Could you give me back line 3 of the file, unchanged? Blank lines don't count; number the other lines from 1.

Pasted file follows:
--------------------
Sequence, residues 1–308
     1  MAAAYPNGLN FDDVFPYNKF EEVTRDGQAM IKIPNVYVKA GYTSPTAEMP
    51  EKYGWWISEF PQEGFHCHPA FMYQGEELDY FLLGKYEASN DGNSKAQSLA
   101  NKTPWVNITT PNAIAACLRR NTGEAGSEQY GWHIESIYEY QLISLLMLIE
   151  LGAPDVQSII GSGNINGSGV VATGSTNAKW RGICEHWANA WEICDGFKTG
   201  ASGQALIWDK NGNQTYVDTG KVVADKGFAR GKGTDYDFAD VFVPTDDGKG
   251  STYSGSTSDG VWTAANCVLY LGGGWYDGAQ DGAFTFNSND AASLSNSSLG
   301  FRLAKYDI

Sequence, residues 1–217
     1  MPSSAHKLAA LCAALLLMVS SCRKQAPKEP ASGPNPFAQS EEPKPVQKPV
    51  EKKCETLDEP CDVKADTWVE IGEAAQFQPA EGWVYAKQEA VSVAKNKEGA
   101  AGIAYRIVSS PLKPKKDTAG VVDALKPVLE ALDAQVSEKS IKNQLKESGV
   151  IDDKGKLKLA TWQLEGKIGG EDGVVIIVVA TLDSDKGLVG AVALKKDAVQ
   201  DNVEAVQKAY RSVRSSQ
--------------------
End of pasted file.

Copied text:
    51  EKYGWWISEF PQEGFHCHPA FMYQGEELDY FLLGKYEASN DGNSKAQSLA